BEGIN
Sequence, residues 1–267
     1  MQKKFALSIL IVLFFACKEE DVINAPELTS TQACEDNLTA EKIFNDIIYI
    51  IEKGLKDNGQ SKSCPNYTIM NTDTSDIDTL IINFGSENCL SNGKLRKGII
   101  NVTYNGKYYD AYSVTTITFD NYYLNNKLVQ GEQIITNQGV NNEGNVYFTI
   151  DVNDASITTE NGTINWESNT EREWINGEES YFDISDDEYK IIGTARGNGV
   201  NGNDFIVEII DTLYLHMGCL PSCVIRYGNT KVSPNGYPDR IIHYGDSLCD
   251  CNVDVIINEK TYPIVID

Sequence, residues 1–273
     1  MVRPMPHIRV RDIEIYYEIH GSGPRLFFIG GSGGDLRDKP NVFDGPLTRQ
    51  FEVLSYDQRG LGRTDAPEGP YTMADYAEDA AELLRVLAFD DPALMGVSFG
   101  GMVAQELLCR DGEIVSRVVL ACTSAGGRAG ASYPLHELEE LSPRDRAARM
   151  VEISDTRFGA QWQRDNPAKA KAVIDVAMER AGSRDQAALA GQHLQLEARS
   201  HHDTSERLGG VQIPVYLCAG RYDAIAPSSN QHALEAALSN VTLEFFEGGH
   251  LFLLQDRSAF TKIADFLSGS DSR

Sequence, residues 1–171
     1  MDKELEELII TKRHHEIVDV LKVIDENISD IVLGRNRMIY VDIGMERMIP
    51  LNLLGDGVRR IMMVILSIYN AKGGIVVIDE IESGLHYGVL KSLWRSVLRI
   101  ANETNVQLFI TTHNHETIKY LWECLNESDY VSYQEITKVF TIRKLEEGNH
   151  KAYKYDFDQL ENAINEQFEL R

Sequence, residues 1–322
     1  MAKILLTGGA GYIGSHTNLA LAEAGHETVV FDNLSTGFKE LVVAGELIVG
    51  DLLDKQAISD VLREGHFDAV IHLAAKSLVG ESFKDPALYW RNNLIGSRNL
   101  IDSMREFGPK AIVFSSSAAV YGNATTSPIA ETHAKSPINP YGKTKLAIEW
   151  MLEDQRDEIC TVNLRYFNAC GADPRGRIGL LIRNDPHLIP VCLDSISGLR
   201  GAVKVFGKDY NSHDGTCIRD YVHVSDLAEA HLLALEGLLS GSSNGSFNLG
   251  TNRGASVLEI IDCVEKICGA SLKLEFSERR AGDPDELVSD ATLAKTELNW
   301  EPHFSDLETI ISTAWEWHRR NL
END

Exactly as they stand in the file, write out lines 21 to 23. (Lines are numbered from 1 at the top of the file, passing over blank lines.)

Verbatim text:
     1  MAKILLTGGA GYIGSHTNLA LAEAGHETVV FDNLSTGFKE LVVAGELIVG
    51  DLLDKQAISD VLREGHFDAV IHLAAKSLVG ESFKDPALYW RNNLIGSRNL
   101  IDSMREFGPK AIVFSSSAAV YGNATTSPIA ETHAKSPINP YGKTKLAIEW